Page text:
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Breaking Down the James Harden Trade

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Oklahoma City, welcome to the NBA. Within, you'll find the lowdown on Martin, Lamb, the picks, how lineups will be affected, and much much more.

Get ready.
Get ready.
Thomas Campbell-US PRESSWIRE

Table of Contents: 1. Intro. 2. Goodbye. 3. Hello. 4. The Picks. 5. Issues. 6. Final Thoughts.

1. Introduction

Oklahoma City, welcome to the NBA.

Don't get me wrong, when I first heard of the Harden deal, my initial reaction was, "NOOOOOOOOOO!" It didn't matter if the Thunder got a 23 year old Michael Jordan in return. The beard is no more! This, coupled with the fact that OU was losing to Notre Dame, served to pretty much destroy my Saturday night.

But, unfortunately, the Thunder are a professional basketball team, and the NBA is a business. I know we've made deals before, but I doubt people were crying about losing Krstic, Green, or Mullens. This is literally the first risky PR move that the Thunder front office has had to make. They had to trade a player who was consistently improving and a huge part of an NBA Finals run in the middle of his prime because they couldn't afford to keep him beyond this season.

I know that we're all wondering why the heck we couldn't keep James Harden. But as far as I'm concerned, that talk is done. After all, if we so rich, then how come we can't afford no ceiling?

Before I get into the meat and potatoes of this trade, I'd just like to say that we'll all miss James Harden. He was easily the third best player on the team, and was a huge asset in the clutch. I'll never forget the late game three he hit to send OKC up 3-2 over the San Antonio Spurs. I'm sure everyone has similar memories, but Harden in a Thunder uniform is now nothing more than a memory.

Anyway, let's take a look at the assets we lost and gained.

2. Goodbye

James Harden

It's hard to put into words what James Harden was to this team. Kevin Durant was the leader, and Russell Westbrook was the extremely powerful sidekick. But Harden, well, he was the X-Factor. The guy who could step up on any given night and lead the team to greatness. Sometimes he'd just serve as a headache who could only get to the line. But most of the time, he was that extra oomph that pushed the Thunder beyond where they were supposed to go.

The thing I'll miss the most about James, from a basketball standpoint, is his beautiful court vision. No matter where he was on the floor, he always seemed to know how to draw the defense and find the open man. We're not talking about simple drive and dishes. He wasn't afraid to make ballsy passes across the lane, or to swing the ball through a defender's legs. Why? Because he could, and he almost never miscalculated a pass.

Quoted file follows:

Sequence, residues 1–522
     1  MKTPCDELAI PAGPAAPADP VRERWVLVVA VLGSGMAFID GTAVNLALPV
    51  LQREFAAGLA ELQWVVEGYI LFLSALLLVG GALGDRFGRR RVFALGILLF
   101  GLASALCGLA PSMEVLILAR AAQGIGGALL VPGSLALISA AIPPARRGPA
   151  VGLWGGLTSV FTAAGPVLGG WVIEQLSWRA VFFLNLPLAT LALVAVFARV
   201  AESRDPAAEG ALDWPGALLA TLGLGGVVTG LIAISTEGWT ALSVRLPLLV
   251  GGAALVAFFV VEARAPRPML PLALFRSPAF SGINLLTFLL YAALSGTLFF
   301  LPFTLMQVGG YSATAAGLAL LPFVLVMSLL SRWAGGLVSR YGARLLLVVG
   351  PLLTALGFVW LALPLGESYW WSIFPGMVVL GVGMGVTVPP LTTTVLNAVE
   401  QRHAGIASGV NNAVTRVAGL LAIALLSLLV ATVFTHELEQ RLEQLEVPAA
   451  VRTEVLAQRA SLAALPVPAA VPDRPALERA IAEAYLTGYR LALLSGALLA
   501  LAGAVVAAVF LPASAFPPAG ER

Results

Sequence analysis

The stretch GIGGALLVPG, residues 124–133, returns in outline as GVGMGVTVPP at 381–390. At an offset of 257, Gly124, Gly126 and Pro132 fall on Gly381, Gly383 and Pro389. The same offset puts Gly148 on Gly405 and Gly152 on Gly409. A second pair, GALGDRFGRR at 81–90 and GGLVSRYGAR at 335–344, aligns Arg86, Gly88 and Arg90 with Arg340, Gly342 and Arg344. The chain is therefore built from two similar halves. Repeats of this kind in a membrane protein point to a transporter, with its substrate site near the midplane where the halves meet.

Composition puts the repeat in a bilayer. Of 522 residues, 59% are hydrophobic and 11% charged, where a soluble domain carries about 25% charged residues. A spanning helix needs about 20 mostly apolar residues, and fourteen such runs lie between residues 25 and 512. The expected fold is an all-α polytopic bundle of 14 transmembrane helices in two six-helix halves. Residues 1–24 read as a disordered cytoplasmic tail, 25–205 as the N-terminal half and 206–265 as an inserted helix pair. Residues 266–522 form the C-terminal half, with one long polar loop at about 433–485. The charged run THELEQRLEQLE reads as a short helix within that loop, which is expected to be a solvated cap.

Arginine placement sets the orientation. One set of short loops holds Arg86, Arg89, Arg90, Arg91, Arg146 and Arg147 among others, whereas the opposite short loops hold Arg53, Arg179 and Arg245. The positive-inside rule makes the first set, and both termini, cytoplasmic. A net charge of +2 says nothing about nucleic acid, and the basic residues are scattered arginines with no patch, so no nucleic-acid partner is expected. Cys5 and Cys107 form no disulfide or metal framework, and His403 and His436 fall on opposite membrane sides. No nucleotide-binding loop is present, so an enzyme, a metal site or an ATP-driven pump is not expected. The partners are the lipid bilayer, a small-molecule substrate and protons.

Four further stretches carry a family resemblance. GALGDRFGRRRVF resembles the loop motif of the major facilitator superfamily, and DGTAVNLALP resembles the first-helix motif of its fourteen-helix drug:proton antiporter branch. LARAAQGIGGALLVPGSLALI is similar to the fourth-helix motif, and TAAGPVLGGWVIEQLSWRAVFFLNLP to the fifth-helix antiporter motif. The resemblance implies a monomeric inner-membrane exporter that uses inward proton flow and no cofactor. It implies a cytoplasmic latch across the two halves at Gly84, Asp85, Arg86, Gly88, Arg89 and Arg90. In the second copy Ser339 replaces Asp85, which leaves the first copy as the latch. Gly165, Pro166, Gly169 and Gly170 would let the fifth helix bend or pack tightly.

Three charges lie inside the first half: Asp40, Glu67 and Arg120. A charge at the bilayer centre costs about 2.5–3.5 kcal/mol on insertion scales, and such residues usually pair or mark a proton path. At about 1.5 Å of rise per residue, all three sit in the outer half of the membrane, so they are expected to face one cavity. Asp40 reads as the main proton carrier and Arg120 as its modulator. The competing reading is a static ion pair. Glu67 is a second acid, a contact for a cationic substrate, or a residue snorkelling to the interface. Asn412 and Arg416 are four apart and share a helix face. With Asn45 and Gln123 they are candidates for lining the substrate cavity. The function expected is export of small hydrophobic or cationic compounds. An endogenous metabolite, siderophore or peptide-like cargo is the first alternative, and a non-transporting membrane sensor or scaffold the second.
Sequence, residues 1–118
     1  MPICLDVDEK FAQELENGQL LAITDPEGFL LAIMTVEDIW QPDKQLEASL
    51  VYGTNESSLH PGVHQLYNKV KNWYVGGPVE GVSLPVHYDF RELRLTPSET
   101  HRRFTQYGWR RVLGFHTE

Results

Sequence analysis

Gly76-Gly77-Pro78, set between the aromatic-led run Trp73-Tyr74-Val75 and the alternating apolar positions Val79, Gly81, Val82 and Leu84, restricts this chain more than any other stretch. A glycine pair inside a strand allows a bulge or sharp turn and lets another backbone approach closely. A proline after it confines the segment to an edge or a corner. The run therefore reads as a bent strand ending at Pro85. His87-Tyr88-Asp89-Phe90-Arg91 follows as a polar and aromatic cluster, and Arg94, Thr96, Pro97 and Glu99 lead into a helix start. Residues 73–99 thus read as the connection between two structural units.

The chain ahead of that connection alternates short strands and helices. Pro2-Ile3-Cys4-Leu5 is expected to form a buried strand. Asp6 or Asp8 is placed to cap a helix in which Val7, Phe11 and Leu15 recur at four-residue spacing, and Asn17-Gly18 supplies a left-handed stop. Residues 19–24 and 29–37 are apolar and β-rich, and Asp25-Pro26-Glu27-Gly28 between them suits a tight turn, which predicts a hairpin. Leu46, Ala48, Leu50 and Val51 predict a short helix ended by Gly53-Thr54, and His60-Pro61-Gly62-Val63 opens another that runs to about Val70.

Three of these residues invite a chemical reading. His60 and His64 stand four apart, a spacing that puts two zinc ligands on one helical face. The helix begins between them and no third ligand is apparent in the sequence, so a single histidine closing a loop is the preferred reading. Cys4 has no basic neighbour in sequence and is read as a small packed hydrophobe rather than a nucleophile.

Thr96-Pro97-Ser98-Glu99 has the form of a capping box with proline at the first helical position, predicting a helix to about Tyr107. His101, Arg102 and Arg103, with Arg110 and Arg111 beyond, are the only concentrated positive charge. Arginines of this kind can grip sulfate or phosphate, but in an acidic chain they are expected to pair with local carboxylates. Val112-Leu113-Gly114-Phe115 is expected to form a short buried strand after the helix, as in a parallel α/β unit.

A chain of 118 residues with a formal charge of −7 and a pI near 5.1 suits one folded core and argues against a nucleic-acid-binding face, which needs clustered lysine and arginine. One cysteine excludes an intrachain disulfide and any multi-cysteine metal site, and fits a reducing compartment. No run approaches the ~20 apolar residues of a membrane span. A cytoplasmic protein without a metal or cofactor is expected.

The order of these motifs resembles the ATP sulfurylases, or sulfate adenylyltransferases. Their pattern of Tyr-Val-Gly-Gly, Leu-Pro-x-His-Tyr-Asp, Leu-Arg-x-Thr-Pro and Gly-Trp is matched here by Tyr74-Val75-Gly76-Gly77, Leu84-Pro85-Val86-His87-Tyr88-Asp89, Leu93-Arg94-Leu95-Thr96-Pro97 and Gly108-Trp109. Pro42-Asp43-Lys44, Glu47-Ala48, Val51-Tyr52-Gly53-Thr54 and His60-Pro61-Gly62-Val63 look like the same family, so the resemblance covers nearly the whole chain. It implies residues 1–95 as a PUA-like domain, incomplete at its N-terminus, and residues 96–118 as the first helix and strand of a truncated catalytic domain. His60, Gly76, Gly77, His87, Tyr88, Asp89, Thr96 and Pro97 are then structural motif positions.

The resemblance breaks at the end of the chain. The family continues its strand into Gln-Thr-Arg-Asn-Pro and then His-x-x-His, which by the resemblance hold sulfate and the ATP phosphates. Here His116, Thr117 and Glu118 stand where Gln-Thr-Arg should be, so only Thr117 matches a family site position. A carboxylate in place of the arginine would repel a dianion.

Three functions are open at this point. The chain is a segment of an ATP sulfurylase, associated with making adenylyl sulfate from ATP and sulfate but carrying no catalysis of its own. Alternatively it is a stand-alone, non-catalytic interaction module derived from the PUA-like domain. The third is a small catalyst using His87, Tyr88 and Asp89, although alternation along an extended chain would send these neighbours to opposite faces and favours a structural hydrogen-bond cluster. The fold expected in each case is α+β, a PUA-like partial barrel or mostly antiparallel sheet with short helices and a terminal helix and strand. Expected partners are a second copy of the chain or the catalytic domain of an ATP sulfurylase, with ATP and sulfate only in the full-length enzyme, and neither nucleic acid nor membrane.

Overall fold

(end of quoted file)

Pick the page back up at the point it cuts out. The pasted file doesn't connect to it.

But I'd be remiss not to mention his scoring ability. The guy could rise from well beyond the arc and make ice-cold shots. I know Kevin Durant is most famous for having unlimited range, but Harden was equally proficient. More than that, he was the expert at drawing fouls in the paint, knowing exactly when to attack and when to lay fallow. His repertoire with the Thunder big men, notably Collison and Ibaka, was unmatched. He was responsible for a good number of their jumpers, and he was excellent at flying off of their screens.

And you can't close any eulogy to James Harden's Thunder career without complimenting his sense of style and personality. If there was one image I'd like to remember James Harden by, it would be him max chilling at his Yacht party. And who could forget the legendary Foot Locker commercial(s) he had with Russell Westbrook? The crazy games he had during the lockout? His legendary beard? Aww man....

Cole Aldrich

I hardly knew the man, but man, it feels really bad to lose Aldrich. I know we've lost bigs in the past, but in those cases, you knew they were limited. B.J. Mullens was a total butterfingers, while D.J. White was totally one-dimensional on offense. But Cole Aldrich seemed to have something there, waiting to be tapped.

Granted, the guy didn't look like a superstar in the pre-season, and he looked downright horrible in the Summer League. But he was an excellent rebounder, something the Thunder really needed moving forward. He was also a good defender, providing decent size in the paint. But what I'll miss most is his sweet hook. He could hit it with both hands, and from a good distance as well. If he could have utilized that shot night in and night out, he could have been a really legitimate player. But now, we'll have to see him do it on the Rockets. I sure hope you're right about this one, Presti.